Mint and its various forms have long been used as health aids. John Gerard, author of The Herball (1597) recommends it for everything from a “stomacke” ache to contraception. 200 years later, it was still used to ease discomfort and freshen the breath. No wonder the after dinner mint came into being. One of the oldest commercially produced mints is the Altoid, "The Original Celebrated Curiously Strong Peppermints “. Though now manufactured in many flavors by the American company, Wrigley, they were originally created in the 1780’s by London-based Smith & Company. By the 1800’s they had been incorporated into the Callard & Bowser confection company. Not everyone could had the means or desire to purchase their peppermint candies. Candy recipes abounded in period cookbooks, like this one from Martha Washington’s Booke of Sweetmeats:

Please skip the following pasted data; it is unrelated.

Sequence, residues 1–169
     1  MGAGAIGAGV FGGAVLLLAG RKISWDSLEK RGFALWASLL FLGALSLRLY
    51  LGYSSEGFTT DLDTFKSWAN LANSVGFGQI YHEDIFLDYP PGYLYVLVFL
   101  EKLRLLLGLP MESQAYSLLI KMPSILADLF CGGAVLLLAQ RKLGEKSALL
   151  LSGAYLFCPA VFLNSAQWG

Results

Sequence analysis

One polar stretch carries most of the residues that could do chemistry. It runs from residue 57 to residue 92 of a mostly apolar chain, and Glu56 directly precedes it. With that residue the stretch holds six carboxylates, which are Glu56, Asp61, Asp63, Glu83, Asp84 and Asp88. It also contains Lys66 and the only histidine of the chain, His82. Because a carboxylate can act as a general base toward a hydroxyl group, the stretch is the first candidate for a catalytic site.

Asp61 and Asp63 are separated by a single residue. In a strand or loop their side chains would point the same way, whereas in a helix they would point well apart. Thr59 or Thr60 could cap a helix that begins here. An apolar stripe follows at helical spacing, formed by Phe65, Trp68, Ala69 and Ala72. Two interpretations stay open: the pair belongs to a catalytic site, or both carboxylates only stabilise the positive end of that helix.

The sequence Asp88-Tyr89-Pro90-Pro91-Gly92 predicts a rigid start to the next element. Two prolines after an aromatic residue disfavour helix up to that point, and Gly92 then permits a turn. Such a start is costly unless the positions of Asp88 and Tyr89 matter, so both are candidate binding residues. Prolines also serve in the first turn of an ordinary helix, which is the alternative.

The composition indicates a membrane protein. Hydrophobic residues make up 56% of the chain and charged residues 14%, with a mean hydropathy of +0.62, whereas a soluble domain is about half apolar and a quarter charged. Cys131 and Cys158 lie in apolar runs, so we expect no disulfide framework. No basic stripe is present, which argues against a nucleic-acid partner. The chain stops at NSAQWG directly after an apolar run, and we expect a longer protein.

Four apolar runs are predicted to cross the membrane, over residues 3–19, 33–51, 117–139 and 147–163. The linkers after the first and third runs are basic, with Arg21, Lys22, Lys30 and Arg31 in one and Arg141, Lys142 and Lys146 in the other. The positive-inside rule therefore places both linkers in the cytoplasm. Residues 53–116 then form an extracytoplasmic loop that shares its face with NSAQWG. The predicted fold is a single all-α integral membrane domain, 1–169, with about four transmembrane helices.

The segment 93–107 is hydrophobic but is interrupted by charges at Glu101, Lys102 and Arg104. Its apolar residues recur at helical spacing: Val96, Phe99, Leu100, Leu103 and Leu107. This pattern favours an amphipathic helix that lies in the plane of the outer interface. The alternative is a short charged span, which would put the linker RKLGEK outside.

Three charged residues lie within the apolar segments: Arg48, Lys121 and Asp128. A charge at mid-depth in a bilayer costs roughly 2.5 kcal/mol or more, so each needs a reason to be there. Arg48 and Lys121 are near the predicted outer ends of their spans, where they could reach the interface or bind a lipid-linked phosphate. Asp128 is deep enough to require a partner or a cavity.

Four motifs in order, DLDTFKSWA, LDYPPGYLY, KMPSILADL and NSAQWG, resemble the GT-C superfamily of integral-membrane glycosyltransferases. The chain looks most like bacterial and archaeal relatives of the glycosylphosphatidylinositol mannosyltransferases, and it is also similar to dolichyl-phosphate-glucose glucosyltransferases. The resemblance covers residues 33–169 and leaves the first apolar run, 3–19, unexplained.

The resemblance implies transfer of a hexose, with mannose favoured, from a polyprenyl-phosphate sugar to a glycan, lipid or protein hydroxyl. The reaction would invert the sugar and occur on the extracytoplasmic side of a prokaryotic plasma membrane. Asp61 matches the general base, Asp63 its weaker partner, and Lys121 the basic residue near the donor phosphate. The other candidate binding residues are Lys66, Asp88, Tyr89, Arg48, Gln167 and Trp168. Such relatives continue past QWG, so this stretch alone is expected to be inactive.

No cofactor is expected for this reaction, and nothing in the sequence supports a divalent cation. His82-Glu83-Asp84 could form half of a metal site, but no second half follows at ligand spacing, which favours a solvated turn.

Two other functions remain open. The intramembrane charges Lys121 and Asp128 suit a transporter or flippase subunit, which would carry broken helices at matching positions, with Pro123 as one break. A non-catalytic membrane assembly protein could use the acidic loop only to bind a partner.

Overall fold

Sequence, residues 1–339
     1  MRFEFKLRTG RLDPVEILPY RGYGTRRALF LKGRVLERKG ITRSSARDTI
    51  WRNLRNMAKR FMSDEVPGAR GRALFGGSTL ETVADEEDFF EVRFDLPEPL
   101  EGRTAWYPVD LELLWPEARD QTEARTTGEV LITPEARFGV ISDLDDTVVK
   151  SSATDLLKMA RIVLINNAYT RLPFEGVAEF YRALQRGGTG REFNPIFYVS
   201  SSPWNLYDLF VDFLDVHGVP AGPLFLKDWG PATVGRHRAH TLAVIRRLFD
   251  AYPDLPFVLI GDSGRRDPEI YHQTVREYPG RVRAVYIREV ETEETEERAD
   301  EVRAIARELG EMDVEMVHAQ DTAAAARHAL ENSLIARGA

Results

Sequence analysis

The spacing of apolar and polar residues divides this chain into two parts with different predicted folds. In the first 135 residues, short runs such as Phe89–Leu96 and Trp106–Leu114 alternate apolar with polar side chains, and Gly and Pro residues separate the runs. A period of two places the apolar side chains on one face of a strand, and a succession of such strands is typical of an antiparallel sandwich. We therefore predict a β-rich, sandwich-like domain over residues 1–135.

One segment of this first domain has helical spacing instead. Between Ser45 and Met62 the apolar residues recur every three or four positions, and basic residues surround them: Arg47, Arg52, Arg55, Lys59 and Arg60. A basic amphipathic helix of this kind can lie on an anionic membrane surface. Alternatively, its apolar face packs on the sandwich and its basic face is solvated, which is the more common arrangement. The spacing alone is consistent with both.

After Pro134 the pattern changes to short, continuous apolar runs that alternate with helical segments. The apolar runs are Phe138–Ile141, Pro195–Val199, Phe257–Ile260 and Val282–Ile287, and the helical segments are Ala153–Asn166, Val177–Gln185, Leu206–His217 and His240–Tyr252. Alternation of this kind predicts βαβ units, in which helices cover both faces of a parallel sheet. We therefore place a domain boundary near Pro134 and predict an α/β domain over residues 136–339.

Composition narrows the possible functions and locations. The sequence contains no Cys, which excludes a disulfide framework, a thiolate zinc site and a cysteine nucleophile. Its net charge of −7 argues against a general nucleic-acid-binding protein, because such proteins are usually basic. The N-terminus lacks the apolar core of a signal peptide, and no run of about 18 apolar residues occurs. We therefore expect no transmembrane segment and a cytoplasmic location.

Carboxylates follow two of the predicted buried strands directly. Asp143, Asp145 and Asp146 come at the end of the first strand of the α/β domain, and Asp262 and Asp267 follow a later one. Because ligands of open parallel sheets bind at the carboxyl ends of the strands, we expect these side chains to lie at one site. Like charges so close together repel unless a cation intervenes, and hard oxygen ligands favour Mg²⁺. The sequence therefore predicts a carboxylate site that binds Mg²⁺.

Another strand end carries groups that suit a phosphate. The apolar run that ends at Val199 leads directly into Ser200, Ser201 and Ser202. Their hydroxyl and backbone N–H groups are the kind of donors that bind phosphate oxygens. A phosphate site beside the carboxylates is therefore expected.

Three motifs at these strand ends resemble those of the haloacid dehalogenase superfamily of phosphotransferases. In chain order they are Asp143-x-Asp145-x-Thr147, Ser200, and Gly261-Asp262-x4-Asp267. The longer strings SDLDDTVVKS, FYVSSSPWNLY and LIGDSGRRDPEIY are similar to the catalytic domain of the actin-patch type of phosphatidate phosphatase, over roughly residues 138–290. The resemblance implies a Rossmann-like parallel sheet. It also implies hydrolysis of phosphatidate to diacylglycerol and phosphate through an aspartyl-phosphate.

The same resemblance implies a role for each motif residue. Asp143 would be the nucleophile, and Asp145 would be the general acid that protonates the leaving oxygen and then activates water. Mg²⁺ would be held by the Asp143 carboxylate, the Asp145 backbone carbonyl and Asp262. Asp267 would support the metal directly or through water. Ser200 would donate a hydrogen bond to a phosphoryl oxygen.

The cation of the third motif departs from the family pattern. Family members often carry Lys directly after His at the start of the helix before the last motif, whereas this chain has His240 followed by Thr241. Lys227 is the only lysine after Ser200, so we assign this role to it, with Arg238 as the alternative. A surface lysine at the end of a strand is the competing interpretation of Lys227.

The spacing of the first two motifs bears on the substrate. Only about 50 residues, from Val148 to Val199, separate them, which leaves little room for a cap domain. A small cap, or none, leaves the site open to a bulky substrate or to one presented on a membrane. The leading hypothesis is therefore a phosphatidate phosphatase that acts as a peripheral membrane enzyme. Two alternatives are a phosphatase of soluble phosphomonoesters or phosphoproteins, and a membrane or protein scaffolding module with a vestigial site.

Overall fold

To Make Mint Cakes Take a pound of sugar finely beaten, & put to it 3 or 4 spoonfulls of mint water, & boyle it up to a candy. The take some mint & shread it small & put it to yr candy and drop it as you did the rose cakes, & set them in ye sun or a stove to dry. To Make Cakes of Roses Take roses & cut the whites from them after they are pluckt, then stamp& streyne them with the damask rose water & ye juice of leamons. Then put it in a skillet with as much sugar as your juice will wet. Then set it on a soft fire & let it boyl softly till it be pritty stiff. Then drop it on a plate, & If it stand, it is enough. Then drop it in little cakes and set them in the sun to dry.A modern recipe for Mint candies can be found here Cooks.com Enjoyed this article? Browse our Jane Austen Giftshop for recipes and etiquette books!